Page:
The attack in Madrid last week, blamed by many on al Qaeda, killed 201 persons and turned public opinion in Spain against Prime Minister Jose Maria Aznar, a close Bush ally in the war on terror and the reconstruction of Iraq.
Public opinion in the Netherlands also has soured its country’s support for the U.S.-led war in Iraq, and a Dutch reporter yesterday told Mr. Bush that “many Dutch people think the war in Iraq has little to do with the war against terrorism.”
Mr. Bush chuckled at the premise of the question and remained steadfast in his belief that the two conflicts are one in the same. Such doubters, he said, should think about the plight of the Iraqi people.
“I would ask them to think about the Iraqi citizens who don’t want people to withdraw because they want to be free,” Mr. Bush said. “I would remind the Dutch citizens that al Qaeda has an interest in Iraq for a reason. They realize this is a front in the war on terror, and they fear the spread of freedom and democracy in places like the greater Middle East.”
Mr. Bush said the coalition is making “good progress” in establishing free, democratic societies in Iraq and Afghanistan, which will “in itself start changing the regions in which they exist.”
“It’s essential that we remain side by side with the Iraqi people as they begin the process of self-government,” Mr. Bush said.
Meanwhile, Defense Secretary Donald H. Rumsfeld said yesterday that he is confident that other countries will step forward and take up the slack left by Spain’s retreat from Iraq.
“My guess is you’ll find other countries reacting just the opposite,” Mr. Rumsfeld told the BBC yesterday. “You’ll find countries stepping forward and saying, ‘Well, if that’s what that country is going to do, we’ll do just the opposite. We’ll add some troops.’”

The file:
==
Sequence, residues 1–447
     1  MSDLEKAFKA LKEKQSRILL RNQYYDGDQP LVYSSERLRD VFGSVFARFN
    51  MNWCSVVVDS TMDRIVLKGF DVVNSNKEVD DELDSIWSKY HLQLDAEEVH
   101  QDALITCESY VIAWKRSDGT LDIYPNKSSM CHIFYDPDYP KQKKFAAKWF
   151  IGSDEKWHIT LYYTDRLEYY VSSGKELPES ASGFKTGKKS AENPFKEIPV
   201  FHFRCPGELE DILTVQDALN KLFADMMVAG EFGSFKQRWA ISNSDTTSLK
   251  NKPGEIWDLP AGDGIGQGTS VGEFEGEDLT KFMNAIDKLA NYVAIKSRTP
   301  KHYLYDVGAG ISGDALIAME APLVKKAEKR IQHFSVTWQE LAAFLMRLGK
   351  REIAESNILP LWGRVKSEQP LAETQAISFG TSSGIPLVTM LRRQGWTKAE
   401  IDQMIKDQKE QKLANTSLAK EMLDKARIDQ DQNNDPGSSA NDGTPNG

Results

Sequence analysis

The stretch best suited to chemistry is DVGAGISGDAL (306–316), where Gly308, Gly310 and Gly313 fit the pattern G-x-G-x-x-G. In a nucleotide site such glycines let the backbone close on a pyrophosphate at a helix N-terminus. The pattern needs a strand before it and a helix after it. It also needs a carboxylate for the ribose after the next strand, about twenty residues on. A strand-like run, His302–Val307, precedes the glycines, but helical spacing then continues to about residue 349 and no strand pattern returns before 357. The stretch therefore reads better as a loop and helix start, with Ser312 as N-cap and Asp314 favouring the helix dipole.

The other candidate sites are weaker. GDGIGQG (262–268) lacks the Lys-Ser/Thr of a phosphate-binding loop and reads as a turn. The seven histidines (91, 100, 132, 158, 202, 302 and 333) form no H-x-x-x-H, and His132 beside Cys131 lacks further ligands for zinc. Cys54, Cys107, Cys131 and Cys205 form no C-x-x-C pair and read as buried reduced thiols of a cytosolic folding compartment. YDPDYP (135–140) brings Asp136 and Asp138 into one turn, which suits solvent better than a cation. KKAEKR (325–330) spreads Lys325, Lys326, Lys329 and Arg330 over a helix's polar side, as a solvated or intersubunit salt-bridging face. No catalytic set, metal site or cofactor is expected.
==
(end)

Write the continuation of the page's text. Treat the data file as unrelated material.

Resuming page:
White House spokesman Scott McClellan said abandoning Iraq would be a “terrible message to send” to terrorists.
“We must send a message of unity, of strength and of resolve in the war on terrorism,” Mr. McClellan said. “Terrorists want to break our will and resolve. They want us to cut and run, but there is no negotiating with terrorists.
“We must continue to stand together and wage this war on the offensive,” he said. “That’s the way to confront the threat of terrorism.”
France, which vehemently opposed the war in Iraq, nonetheless yesterday received a fresh threat from Islamic extremists angry about the country’s new law banning the wearing of Muslim head scarves in schools.
Several French newspapers received a letter from an Islamist group that government officials have said is being considered a serious threat.
“They’re basically saying, ‘You thought you were safe because of your stand on Iraq, but France is no longer safe at all since February 10,’” said Jacques Esperandieu, deputy editor of the daily newspaper Le Parisien, which received a copy of the letter.
The head-scarf ban was passed on Feb. 10.
This report is based in part on wire service reports.